Bladder outlet obstruction (BOO) is a blockage of the bladder. It is sometimes also referred to as fetal lower urinary tract obstruction (LUTO). This blockage prevents the urine flow into the amniotic fluid. Because of this, the amniotic fluid level can become very low. Low amniotic fluid levels (oligohydramnios) impair the developing lungs causing them to become very small (hypoplastic). Babies with little or no amniotic fluid early in gestation (before 24 weeks) may have severely underdeveloped lungs. As a result, these babies have a poor chance of survival. Babies that have a moderate amount of fluid do better as their lungs are able to mature.
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A congenital diaphragmatic hernia (CDH) means there is a hole in the diaphragm. The hole permits the abdominal organs to move into the chest area before birth. Because of this shift into the chest, the lung on the side of the hole is prevented from growing normally. The lung on the opposite side is also smaller than expected. Small lungs can also be called pulmonary hypoplasia.
The first goal for the Fetal Diagnosis and Treatment Center is accurate prenatal diagnosis of birth defects using the latest technological advances. We provide in-depth consultation with specialists and guidance for families. An individualized treatment plan is established that includes high-risk pregnancy management, fetal treatment, delivery planning, and postnatal treatment. Although the majority of babies with a birth defect are best managed after delivery, select patients benefit from fetal surgery.
The Fetal Diagnosis and Treatment Center, part of Michigan Medicine, offers comprehensive fetal diagnostic and treatment services, utilizing the latest technological advances in diagnostics, minimally invasive surgeries and open surgeries to best care for a pregnant mother carrying a fetus with a birth defect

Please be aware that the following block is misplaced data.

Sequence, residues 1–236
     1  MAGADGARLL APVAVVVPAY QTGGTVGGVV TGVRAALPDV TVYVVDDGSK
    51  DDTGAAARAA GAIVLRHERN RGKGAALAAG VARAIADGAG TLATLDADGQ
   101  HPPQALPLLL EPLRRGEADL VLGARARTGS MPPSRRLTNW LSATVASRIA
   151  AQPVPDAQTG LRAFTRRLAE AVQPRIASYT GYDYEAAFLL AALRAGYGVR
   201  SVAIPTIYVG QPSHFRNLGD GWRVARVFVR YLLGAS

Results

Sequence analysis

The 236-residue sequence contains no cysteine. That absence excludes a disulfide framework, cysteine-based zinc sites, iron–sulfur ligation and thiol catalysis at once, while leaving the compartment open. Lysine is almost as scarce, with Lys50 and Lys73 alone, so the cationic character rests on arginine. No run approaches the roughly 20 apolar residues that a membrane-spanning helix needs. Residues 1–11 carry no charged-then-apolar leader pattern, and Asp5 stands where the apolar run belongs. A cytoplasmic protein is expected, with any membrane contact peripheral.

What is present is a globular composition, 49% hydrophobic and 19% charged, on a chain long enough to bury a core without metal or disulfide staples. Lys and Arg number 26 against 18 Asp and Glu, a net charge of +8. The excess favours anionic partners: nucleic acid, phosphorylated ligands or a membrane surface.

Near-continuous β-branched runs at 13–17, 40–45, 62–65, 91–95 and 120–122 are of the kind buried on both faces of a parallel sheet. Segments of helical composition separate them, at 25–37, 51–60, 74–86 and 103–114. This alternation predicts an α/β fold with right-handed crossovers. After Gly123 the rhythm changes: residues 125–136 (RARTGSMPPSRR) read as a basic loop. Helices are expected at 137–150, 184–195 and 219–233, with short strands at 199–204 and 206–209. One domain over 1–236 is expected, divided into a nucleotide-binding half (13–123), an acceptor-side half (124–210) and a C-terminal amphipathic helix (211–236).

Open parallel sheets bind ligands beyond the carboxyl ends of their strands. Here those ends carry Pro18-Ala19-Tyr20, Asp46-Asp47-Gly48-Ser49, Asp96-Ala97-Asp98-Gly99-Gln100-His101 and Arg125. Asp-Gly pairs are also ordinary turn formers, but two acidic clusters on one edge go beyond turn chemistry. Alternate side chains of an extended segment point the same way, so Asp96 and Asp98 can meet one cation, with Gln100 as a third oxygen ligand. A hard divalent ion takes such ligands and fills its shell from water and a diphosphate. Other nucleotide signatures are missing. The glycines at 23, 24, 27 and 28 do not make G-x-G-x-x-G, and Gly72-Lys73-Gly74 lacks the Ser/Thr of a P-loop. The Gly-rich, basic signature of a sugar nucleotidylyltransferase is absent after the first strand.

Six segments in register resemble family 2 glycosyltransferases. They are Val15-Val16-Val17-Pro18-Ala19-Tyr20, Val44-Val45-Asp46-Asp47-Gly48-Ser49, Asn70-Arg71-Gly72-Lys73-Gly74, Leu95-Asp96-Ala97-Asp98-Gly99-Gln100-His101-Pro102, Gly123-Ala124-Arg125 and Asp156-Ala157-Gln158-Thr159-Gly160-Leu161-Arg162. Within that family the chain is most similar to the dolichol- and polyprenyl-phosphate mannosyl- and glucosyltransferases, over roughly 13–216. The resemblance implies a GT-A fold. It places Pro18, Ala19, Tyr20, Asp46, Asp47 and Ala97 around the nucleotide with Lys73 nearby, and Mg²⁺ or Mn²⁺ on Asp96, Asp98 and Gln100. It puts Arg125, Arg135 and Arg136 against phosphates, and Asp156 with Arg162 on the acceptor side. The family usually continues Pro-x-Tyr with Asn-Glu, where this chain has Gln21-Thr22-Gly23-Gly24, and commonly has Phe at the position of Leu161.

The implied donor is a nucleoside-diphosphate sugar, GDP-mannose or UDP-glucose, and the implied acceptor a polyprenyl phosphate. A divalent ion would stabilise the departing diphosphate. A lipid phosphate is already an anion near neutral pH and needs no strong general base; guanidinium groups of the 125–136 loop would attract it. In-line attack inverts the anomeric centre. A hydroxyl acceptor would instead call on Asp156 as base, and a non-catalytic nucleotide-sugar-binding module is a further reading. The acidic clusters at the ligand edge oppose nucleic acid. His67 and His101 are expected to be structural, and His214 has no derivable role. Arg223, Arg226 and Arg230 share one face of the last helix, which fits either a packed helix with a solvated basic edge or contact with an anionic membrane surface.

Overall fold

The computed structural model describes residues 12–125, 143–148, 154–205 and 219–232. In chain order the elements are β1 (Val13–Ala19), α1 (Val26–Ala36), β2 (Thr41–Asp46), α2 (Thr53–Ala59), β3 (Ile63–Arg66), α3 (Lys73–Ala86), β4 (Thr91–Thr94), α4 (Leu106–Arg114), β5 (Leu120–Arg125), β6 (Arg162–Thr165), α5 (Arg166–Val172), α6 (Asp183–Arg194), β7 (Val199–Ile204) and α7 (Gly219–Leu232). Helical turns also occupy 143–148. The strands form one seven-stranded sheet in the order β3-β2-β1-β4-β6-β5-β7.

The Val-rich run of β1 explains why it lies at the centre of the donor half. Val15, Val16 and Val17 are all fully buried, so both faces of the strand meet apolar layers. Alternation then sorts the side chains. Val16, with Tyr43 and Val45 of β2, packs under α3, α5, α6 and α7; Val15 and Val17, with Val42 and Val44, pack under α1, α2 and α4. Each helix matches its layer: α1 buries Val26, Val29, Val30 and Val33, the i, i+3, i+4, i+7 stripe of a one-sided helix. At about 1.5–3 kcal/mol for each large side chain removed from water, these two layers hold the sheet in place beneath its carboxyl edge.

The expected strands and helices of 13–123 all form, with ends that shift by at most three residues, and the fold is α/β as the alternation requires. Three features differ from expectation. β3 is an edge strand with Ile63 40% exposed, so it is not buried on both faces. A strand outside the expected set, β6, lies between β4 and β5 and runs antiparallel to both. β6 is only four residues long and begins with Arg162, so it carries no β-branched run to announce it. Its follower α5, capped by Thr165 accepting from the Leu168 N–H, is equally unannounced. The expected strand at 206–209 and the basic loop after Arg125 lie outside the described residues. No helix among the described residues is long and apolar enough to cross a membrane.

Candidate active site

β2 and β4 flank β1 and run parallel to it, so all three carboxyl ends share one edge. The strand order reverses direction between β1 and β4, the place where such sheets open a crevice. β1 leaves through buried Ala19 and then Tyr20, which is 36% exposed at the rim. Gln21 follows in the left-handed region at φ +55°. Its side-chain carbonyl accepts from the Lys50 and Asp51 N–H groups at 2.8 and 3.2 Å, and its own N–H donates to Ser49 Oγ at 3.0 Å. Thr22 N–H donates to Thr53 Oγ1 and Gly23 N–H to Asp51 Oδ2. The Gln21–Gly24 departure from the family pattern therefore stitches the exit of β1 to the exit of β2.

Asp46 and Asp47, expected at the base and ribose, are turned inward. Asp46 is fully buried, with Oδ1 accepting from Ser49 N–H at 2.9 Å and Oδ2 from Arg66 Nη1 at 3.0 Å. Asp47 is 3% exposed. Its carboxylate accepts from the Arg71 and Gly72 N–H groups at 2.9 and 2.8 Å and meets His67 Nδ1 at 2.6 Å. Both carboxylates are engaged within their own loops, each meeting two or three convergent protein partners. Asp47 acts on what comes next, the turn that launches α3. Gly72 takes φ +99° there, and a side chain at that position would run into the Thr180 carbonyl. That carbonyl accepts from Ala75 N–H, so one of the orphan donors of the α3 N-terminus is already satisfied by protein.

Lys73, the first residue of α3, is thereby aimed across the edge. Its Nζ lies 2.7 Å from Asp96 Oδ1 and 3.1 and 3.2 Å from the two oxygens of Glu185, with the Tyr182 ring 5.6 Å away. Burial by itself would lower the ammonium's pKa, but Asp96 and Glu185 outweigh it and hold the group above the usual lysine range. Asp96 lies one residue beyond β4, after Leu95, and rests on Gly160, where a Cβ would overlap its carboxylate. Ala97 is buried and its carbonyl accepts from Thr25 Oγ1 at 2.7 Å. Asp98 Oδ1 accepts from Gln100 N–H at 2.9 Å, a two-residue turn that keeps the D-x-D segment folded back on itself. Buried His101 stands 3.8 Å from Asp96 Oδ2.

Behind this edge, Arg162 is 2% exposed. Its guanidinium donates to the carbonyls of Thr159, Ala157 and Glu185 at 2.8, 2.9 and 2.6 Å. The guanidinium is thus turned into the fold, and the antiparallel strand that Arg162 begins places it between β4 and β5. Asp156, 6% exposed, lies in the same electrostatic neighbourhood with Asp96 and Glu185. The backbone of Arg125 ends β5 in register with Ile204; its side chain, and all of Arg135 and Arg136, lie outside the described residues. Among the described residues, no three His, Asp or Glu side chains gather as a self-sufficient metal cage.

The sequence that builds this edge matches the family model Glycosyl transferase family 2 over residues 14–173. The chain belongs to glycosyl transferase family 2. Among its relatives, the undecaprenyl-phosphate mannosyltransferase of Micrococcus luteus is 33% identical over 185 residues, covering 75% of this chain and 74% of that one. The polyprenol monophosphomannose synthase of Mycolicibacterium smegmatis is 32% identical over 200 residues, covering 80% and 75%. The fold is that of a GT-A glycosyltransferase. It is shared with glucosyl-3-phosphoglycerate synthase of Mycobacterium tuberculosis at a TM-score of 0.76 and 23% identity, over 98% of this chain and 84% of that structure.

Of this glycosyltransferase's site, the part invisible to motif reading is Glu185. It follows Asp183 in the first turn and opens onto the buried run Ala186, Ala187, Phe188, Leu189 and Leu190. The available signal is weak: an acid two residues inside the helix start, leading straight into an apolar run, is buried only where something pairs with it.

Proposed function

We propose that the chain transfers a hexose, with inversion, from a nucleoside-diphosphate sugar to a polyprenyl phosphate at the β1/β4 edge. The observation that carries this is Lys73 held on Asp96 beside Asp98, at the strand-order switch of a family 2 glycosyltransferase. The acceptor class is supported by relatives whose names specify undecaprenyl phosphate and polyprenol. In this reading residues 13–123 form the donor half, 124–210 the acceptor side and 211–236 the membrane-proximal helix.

The University of Michigan Fetal Diagnosis & Treatment Center offers the full range of fetal procedures from an expert team to diagnose and treat conditions before a child is born.
Gastroschisis refers to an opening, or ‘hole’, in the abdominal wall. This defect, or ‘hole’, occurs very early in gestation—around the 6th week of development.The defect allows the baby’s bowel, and sometimes other organs, to move outside the body for the remainder of the pregnancy.
A fetal neck mass is a condition in which there is an abnormal growth in the neck of the fetus. Both types of giant neck mass - cervical teratomas and lymphatic malformation’s - can obstruct the airway or cause other complications in the developing baby. These masses can be prenatally diagnosed and assessed using ultrasound.
At Michigan Medicine, our Maternal-Fetal Medicine Division works together with a team of specialists to manage high-risk pregnancies, optimize fetal well being, educate and support families and provide hope to the tiniest of patients.